The developpers' speech is as regulated as anybody else? In what context? Because not everybody is a developper telling about his game, and not every speech is related to advertizing.
You didn't provide any context to your statement "their speech is not regulated" so assumed there was no specific context. In that situation it's true - developers have just as much regulation in speech as we do.

If you're talking about advertising, then they have exactly the same regulation in advertising as we do, that is, determined by the laws of the land in which they are advertising. In the UK that's regulated by various bodies, of which the ASA is the first call of action in the case of media advertising. This thread is talking about the ASA, therefore I presume we are talking about the advertising that the ASA covers. If you're talking about other forms of marketing such as development blogs etc. then the ASA don't cover that, so it's irrelevant to a discussion about the ASA (not to say it's not an interesting topic in and of itself - it is).

The last remark is unfounded. What example given in the post with developpers'quote is similar?
It's not unfounded - the ASA is like other subjective regulators in the UK - their primary purpose is pretty much to avoid *offence*, which is a subjective and culturally aware phenomenon. Sophie Dahl's advert wasn't banned because it was inaccurate, but simply because it was deemed offensive to women. Likewise adverts might be suitable for showing at certain times of day but not others. This ' subjective and culturally aware phenomenon' is best described as 'common sense'.

The equivalent in the developers advert is saying the game's ending varies based on the players choices. It factually does vary, and it's also common sense that the player is not going to be shown an entirely complete different universe for every possible action the player can take.

The question is not to know if people can distinguish between the product they have in hand and reality, but to know if when developpers say that aliens are going to feature in the game, the aliens have to feature or not in the game.
If advertising said that aliens are going to feature in the game and they didn't then the ASA would uphold any complaint querying that. But that's not the case here. The advertising said the ending would vary.. and the ending of the game does vary.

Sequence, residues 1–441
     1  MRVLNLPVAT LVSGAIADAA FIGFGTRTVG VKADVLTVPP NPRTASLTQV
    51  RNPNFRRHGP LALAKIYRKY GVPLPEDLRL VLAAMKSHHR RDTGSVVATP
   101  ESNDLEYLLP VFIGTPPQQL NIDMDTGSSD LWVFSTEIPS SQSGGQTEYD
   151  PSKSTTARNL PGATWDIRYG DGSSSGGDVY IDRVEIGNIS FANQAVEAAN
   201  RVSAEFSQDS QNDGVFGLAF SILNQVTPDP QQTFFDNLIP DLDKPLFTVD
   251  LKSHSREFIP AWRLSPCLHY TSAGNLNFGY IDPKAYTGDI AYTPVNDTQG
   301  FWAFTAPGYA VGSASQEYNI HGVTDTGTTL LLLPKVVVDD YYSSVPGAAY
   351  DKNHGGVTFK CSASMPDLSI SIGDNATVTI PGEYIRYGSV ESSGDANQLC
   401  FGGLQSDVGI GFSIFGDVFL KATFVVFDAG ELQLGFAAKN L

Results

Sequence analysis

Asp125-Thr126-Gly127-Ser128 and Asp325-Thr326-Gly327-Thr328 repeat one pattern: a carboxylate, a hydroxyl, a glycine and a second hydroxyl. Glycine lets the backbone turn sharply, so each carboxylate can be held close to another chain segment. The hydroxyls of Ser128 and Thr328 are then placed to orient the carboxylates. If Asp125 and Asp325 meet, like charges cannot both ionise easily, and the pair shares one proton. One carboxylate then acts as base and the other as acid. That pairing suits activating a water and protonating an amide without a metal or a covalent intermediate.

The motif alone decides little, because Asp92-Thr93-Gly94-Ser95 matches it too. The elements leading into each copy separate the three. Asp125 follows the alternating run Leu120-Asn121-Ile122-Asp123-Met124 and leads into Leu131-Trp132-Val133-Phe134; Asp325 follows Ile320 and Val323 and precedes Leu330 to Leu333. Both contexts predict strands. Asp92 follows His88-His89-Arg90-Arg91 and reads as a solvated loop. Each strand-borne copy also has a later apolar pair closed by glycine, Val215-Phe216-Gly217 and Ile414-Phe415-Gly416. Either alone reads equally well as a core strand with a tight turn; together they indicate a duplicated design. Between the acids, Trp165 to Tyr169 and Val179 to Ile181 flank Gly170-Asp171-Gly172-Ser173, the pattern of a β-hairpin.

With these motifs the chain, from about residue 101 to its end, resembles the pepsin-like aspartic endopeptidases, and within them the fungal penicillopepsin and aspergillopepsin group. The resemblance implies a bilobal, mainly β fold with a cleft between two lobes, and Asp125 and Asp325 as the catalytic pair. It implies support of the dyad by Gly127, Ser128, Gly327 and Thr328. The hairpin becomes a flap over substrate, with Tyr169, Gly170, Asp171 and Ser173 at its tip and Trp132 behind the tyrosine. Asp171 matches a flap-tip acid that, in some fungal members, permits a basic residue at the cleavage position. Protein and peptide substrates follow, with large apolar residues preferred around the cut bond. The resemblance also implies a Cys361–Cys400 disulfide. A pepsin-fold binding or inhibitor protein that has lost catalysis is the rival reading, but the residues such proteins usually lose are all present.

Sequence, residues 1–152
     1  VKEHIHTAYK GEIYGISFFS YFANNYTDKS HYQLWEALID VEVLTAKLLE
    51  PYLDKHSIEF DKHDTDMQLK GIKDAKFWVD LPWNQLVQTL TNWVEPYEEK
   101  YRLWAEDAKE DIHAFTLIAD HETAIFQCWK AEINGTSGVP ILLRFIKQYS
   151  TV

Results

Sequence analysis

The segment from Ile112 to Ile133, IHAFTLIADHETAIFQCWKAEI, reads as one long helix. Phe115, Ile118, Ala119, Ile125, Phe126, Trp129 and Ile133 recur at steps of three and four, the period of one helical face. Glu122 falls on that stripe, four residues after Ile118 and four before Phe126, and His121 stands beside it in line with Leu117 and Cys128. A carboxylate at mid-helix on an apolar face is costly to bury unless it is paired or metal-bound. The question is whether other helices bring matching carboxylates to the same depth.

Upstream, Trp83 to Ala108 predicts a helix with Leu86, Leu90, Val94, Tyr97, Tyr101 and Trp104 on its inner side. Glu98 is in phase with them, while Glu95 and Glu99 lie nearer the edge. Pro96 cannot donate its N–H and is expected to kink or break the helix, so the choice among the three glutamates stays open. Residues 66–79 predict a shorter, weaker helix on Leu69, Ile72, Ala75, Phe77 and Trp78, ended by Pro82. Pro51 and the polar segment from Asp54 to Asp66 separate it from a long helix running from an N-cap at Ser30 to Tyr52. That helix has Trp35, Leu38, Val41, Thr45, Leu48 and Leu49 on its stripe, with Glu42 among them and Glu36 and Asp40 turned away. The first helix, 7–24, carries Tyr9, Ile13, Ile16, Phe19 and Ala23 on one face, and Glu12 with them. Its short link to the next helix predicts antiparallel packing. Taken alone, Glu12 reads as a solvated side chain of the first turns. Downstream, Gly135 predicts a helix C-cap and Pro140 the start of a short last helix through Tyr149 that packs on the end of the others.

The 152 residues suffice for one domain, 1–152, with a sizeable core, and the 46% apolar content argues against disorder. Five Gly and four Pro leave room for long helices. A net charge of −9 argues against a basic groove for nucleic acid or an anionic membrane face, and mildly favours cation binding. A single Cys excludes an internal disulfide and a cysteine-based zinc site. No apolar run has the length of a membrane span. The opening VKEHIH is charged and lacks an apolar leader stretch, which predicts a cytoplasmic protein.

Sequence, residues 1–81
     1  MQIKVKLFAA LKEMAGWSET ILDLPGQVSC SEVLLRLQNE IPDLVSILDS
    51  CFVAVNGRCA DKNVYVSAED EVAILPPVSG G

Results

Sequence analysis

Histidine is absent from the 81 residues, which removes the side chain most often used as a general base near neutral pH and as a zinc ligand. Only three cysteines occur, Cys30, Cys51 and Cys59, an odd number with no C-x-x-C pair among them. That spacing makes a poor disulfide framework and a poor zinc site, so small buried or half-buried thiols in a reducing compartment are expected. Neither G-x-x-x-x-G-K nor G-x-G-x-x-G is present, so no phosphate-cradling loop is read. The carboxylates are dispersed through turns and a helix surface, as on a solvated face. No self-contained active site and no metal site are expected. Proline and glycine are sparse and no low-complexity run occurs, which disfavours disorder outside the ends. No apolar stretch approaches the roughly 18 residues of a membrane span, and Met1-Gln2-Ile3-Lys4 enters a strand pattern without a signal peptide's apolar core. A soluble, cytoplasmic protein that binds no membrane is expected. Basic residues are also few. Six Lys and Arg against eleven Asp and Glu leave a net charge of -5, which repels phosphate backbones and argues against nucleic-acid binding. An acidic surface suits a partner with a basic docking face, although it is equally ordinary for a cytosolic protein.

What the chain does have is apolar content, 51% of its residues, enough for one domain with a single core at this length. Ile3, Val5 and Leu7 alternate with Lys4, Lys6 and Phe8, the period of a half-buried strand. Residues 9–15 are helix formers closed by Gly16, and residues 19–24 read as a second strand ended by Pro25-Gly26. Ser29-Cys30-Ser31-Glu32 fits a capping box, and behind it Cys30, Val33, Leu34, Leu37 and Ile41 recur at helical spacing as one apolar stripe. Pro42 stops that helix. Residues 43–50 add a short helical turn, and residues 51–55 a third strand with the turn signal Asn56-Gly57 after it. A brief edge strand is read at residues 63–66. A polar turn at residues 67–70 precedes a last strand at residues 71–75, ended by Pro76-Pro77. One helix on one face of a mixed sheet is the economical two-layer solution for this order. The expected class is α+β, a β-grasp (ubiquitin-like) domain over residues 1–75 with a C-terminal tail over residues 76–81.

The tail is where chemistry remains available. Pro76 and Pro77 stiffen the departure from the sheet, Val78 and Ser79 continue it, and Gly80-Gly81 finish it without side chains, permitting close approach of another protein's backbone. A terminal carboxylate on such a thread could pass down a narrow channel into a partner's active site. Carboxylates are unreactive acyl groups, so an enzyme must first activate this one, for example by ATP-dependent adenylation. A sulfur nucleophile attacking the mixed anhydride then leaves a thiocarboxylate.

Some players are upset because the extent of the varying does not match their expectations, but the ASA applies common sense when it said: "we considered that most consumers would realise there would be a finite number of possible outcomes within the game"

and to finish the quote:
"and, because we considered that the advertiser had shown that players' previous choices and performance would impact on the ending of the game, we concluded that the ad was not misleading. "
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June 19th, 2012, 14:56
Originally Posted by kalniel View Post
Some players are upset because the extent of the varying does not match their expectations, but the ASA applies common sense when it said: "we considered that most consumers would realise there would be a finite number of possible outcomes within the game"
There is a world of space between 'infinite' and 'three'. This is where I had hoped some of the common sense you point to would have been used. No one was asking for infinity, but three was a little out of sync with the expectations that the vendor created.

The ASA could perhaps have looked at that gap between 'real' ending variation under common sense (ie almost none besides cosmetic A,B,C) - and promises to potential consumers (that there would be "no A,B,C"). Without common sense, it has no right to judge Marks and Spencer's adverts that may be offensive to all of six women. It should simply set a % of flesh in pre-determined areas that is allowed to be shown and leave computers to determine compliance. However I would prefer the ASA to exercise judgment and common sense. IMO they didn't seem to try in this case. More than one ending? Check. Infinity impossible? Check. CASE DISMISSED!